Germany is willing to bet big on the development of green hydrogen. Developing a new network for the technology is challenging, therefore, the German government is considering Mexico as a strategic partner in the development of the renewable fuel.
“With this strategy, we want to prepare economies for the future. We want to help our partners be part of the international hydrogen race. This will create a win-win situation and countries that produce more green hydrogen than they need could export it to Germany. Mexico has a lot of potential to produce green hydrogen,” said the German ambassador to Mexico, Peter Tempel, during Solar Power Mexico.
As part of the alliance, the German Association for International Cooperation (GIZ) is preparing a 7-part study on hydrogen in collaboration with the German-Mexican Chamber of Commerce CAMEXA and the German Embassy in Mexico. GIZ released the fourth part of the series in October. “The results of the study conclude that Mexico has great potential to produce green hydrogen due to its renewable capacity via solar, wind and geothermal. For this reason, we could be one of the world's great players in green hydrogen production,” said Israel Hurtado, President of the Mexican Hydrogen Association (AMH) at Solar Power.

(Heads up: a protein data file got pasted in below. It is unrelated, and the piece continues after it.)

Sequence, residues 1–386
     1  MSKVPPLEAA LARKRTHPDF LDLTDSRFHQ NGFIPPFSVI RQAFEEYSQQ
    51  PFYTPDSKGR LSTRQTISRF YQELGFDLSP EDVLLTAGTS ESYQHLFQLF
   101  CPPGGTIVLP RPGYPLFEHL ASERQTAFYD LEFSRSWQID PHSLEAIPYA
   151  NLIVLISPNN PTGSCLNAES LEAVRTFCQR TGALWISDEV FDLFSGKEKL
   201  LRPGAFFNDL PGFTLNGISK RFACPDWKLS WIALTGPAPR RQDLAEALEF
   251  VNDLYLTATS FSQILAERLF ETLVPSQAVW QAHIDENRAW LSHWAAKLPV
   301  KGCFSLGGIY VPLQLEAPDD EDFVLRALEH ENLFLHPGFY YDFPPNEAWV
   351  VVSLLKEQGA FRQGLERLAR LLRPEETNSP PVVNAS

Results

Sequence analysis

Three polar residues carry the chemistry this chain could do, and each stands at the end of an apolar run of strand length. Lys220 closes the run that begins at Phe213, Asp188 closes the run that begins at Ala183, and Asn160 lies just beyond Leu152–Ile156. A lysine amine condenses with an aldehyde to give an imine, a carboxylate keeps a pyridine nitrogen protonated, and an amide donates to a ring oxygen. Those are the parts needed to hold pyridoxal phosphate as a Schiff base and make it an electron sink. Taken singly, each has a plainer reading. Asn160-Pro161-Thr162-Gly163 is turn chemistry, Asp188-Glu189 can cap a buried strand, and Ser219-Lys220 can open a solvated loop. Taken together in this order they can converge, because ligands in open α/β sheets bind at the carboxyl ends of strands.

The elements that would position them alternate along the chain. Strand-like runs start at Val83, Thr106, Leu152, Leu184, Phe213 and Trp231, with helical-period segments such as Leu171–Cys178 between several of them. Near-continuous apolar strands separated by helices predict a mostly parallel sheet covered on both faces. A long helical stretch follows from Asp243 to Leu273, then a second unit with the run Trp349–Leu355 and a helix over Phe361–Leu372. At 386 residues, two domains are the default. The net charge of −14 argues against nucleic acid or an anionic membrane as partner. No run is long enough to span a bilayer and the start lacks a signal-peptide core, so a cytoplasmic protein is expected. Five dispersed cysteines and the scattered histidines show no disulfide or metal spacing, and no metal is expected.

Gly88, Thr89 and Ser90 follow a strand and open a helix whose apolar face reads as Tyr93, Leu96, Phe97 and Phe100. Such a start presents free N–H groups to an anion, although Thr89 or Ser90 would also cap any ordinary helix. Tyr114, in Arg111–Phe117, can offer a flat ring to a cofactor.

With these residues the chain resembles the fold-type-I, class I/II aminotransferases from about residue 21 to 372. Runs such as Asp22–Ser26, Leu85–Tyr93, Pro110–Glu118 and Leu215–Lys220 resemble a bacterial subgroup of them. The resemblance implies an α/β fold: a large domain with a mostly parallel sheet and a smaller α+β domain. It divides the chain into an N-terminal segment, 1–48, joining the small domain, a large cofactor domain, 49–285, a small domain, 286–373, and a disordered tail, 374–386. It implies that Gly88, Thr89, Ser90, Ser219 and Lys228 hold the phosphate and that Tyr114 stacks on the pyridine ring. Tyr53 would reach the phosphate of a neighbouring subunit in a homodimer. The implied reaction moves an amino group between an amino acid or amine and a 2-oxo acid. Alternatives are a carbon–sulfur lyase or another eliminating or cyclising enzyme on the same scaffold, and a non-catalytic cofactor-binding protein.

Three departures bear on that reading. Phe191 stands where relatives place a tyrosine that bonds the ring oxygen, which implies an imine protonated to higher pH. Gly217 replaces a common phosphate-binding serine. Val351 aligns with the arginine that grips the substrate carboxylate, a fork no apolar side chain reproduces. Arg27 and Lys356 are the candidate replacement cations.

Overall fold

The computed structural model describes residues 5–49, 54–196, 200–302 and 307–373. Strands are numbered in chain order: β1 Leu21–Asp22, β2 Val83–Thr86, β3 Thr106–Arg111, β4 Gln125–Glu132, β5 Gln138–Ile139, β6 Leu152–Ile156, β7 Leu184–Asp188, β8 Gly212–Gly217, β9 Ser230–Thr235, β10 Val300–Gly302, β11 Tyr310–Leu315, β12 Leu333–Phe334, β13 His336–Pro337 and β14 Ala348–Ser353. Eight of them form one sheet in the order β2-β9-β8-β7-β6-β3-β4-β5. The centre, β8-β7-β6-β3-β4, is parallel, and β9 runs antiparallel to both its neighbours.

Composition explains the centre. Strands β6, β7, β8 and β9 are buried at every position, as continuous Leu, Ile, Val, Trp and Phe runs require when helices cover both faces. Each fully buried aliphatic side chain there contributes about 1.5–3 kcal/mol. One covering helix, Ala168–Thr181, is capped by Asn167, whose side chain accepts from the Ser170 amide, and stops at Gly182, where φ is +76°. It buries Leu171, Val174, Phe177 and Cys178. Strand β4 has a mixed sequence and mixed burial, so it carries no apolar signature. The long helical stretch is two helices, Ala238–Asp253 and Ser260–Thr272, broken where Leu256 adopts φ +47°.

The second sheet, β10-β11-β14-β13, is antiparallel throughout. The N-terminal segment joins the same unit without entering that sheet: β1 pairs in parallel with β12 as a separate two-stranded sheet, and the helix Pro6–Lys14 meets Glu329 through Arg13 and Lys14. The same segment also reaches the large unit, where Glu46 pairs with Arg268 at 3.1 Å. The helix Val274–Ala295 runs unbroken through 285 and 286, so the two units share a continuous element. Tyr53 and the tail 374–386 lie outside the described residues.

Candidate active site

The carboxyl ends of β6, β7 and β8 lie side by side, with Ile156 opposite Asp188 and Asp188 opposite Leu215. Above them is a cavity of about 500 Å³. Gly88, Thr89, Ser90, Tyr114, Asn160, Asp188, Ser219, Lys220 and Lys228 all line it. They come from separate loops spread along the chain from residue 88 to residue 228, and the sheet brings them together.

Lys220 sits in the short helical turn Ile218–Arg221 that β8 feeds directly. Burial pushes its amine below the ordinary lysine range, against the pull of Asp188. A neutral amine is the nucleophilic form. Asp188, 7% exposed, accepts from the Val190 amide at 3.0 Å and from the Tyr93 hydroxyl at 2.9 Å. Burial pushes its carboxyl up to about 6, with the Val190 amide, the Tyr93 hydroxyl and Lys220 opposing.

The GIZ estimates that with the right incentives, Mexico could have installed over 670MW of electrolysis capacity by 2030. In 2050, national capacity could reach 38.7GW, making Mexico a global green hydrogen giant. To reach this goal, Mexico would require US$15.5 billion in investment. The funds would be the opposite of a sunk cost, as the Mexican green hydrogen market could be valued at US$5.7 billion per year in the decades to come.
Nevertheless, green hydrogen’s impact on climate might still be its best asset. “By 2050, the introduction of green hydrogen technologies could reduce emissions of more than 40 million tons of CO2 per year,” according to the study, mostly in the transport sector but also for PEMEX operations, thermal power production and energy storage, among other industrial applications.
Hydrogen is created by splitting water into oxygen and hydrogen via a process called electrolysis. When powering such an electrolyzer with renewable energy, the process effectively becomes carbon neutral and results in green hydrogen. Dirtier alternatives, such as grey and blue hydrogen already exist. But now that a global push for decarbonization is widening its scope, hydrogen has once again been considered as the optimal solution to reduce emissions in complicated areas such as fuels, transport and non-intermittent power production.